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Maryland (US: /ˈmɛrələnd/ (About this soundlisten) MERR-ə-lənd, UK: /ˈmɛərɪlənd/ MAIR-il-ənd) is a state in the Mid-Atlantic region of the United States, bordering Virginia, West Virginia, and the District of Columbia to its south and west; Pennsylvania to its north; and Delaware to its east. The state's largest city is Baltimore, and its capital is Annapolis. Among its occasional nicknames are Old Line State, the Free State, and the Chesapeake Bay State. It is named after the English queen Henrietta Maria, known in England as Queen Mary, who was the wife of King Charles I.

Sixteen of Maryland's twenty-three counties, as well as the city of Baltimore, border the tidal waters of the Chesapeake Bay estuary and its many tributaries, which combined total more than 4,000 miles of shoreline. Although one of the smallest states in the U.S., it features a variety of climates and topographical features that have earned it the moniker of America in Miniature. In a similar vein, Maryland's geography, culture, and history combine elements of the Mid-Atlantic, Northeastern, and South Atlantic regions of the country.

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Hurrican Isabel from space

The effects of Hurricane Isabel in Maryland and Washington, D.C., were among the worst from a tropical cyclone in the Baltimore-Washington Metropolitan Area, United States. Hurricane Isabel formed from a tropical wave on September 6, 2003, in the tropical Atlantic Ocean. It moved northwestward, and within an environment of light wind shear and warm waters, it steadily strengthened to reach peak winds of 165 mph (265 km/h) on September 11. After fluctuating in intensity for four days, Isabel gradually weakened and made landfall on the Outer Banks of North Carolina with winds of 105 mph (165 km/h) on September 18. It quickly weakened over land and became extratropical over western Pennsylvania the next day.

On September 19, Tropical Storm Isabel passed through extreme western Maryland, though its large circulation produced tropical storm force winds throughout the state. About 1.24 million people lost power throughout the state. The worst of its effects came from its storm surge, which inundated areas along the coast and resulted in severe beach erosion. In Eastern Maryland, hundreds of buildings were damaged or destroyed, primarily in Queen Anne's County from tidal flooding. Thousands of houses were affected in Central Maryland, with severe storm surge flooding reported in Baltimore and Annapolis. Washington, D.C., sustained moderate damage, primarily from the winds. Throughout Maryland and Washington, damage totaled about $820 million (2003 USD, $915 million 2006 USD), with only one fatality due to flooding.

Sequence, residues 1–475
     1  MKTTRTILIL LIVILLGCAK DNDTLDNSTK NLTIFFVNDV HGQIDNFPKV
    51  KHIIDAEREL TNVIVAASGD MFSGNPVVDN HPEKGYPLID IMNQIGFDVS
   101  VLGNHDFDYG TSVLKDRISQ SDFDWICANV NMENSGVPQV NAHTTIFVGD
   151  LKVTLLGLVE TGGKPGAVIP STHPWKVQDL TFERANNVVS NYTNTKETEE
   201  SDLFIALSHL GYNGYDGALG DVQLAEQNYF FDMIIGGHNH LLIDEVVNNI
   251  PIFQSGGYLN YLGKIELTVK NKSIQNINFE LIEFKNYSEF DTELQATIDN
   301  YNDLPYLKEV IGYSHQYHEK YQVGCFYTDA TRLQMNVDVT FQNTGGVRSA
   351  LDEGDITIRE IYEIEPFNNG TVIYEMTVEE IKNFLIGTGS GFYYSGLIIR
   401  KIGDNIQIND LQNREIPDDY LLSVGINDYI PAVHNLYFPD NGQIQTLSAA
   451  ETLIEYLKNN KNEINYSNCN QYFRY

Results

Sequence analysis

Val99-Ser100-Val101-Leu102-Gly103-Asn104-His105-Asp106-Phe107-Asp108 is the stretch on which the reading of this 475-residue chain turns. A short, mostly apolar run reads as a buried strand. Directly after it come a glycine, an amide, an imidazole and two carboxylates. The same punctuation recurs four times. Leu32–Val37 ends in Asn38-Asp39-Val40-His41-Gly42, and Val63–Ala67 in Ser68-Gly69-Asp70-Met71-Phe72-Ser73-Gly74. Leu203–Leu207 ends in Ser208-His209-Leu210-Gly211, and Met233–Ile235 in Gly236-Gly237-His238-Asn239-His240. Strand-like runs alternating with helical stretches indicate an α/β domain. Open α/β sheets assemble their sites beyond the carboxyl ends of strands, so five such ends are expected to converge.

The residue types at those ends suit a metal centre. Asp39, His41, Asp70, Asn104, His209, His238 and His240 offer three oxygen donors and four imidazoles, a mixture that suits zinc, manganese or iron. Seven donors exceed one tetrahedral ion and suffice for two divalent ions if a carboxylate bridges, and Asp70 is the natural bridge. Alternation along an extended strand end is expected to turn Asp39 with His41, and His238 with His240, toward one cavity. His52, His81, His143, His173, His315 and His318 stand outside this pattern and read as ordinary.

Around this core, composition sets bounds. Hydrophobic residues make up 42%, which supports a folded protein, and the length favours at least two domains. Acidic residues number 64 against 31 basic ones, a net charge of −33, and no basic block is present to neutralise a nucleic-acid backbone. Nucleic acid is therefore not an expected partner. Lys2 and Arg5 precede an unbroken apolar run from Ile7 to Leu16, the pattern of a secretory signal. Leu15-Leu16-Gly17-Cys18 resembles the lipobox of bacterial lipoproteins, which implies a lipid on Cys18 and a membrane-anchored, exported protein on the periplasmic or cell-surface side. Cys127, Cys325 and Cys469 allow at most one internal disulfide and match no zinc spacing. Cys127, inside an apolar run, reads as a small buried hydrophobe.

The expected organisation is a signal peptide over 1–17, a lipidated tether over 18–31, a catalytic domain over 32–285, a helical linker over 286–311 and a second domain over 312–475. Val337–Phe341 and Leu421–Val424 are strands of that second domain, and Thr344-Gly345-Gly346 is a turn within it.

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Alger Hiss testifying

Alger Hiss (November 11, 1904 – November 15, 1996) was a U.S. State Department official involved in the establishment of the United Nations. He was accused of being a Soviet spy in 1948 and convicted of perjury in connection with this charge in 1950. Evidence revealed after Hiss's conviction has added a variety of information to the case, and the question of his guilt or innocence remains controversial. Some reliable sources have suggested that those who believe in Hiss's innocence are in the minority of scholarly opinion.

Born in Baltimore, to Mary Lavinia Hughes and Charles Alger Hiss, Alger Hiss's early life was repeatedly marred by tragedy. His father committed suicide when Alger was 2 years old, his older brother Bosley died of Bright's disease when Alger was 22, and he lost his sister Mary Ann to suicide when he was 25. His father had been a middle class wholesale grocer, and after his death Mary Hiss relied largely on family members for financial support in raising her five children. The Hiss family lived in a Baltimore neighborhood that was described as one of "shabby gentility."

Hiss was educated at Baltimore City College high school and Johns Hopkins University, where he graduated Phi Beta Kappa and was voted "most popular student" by his classmates. In 1929, he received his law degree from Harvard Law School, where he was a protégé of Felix Frankfurter, the future Supreme Court justice. Before joining a Boston law firm, he served for a year as clerk to Supreme Court Justice Oliver Wendell Holmes Jr. That same year, Hiss married the former Mrs. Priscilla Hobson, a Bryn Mawr graduate who would later work as a grade school English teacher.

In 1933, he entered government service, working in several areas as an attorney in President Franklin Delano Roosevelt's New Deal, starting with the Agricultural Adjustment Administration (AAA). Hiss worked for the Nye Committee, which investigated and documented wartime profiteering by military contractors during World War I, and served briefly in the Justice Department.

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